Decisions! Our lives are filled with them. From the mundane to life-changing, making decisions remains inevitable. Decisions require us to balance the seemingly antithetical forces of both emotion and rationality. It’s about predicting the future, perceiving the present situation, and having insights into others’ minds while also dealing with uncertainties.
Many of us are quite ignorant of this mental process, but for Jeff Bezos, the world’s richest man, three critical choices in a day and eight hours of sleep a night are the ultimate. The world’s most successful people tend to live on no sleep routine while also making hundreds of decisions per day – this is not Bezos’s case.
World richest man, Jeff Bezos via his newly released book ‘Invent and Wander’ revealed his sleeping routine and how he makes three key decisions daily
Through his newly released book titled: ‘Invent and Wander,’ the Amazon Founder and CEO penned down a detailed essay about his lifestyle, highlighting how he makes decisions. 56-Year-Old Bezos explained how he lays the groundwork for his choices, including getting 8 hours of sleep, how he has breakfast with his kids, reading the newspaper, and making coffee.
At 10 a.m, Bezos claim he’s always prepared to take on what he dubbed ‘high-IQ’ meetings of the day and when the clock hits 5 p.m, she shuffles down anything high IQ till the following morning. He’s able to fit everything into the 7-hour window because he knows how to prioritize things.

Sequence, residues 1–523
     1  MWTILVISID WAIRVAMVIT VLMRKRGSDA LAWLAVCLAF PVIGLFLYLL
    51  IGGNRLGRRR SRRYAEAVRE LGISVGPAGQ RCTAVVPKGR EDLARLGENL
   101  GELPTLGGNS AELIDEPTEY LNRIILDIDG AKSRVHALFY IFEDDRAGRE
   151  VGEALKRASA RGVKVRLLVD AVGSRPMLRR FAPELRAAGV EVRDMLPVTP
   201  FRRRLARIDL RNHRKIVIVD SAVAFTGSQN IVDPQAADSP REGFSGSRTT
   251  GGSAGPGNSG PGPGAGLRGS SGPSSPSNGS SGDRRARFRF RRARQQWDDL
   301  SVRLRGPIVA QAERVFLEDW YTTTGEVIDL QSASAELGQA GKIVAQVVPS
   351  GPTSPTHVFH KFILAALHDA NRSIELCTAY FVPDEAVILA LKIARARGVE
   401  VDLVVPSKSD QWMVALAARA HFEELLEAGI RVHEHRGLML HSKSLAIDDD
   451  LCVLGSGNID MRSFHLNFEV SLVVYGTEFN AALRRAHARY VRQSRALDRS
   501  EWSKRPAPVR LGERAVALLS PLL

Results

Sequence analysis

‘Think about it. As a senior executive, what do you get paid to do? You get paid to make a small number of high-quality decisions. Your job isn’t to make thousands of decisions every day. When I have a good quarterly conference call with Wall Street, people often stop me and say, congratulations on your quarter, and I say Thank You, but what I am thinking is that quarter was baked three years ago.’ Bezos wrote in an excerpt from the book.
He added: ‘Right now, I am working on a quarter that’s going to itself in 2023 sometime, and that’s what you need to be doing. You need to be thinking two or three years in advance, and if you are, then why do I need to make a hundred decisions today? If I make, like three good decisionsdecisions a day, that’s enough, and they should be as high quality as I can make them.’
It turned out; his decisions are split into two categories – the one-way-door and two-way-door. The one-way-door choices are described as irreversible and highly consequential, while the second ‘two-way door’ follows the principle of disagreeing and committing. According to Analytics, Bezos is likely to make many tricky decisions in the coming months as Amazon gears up for a tedious holiday season, believed to witness an online sales spike of 33%.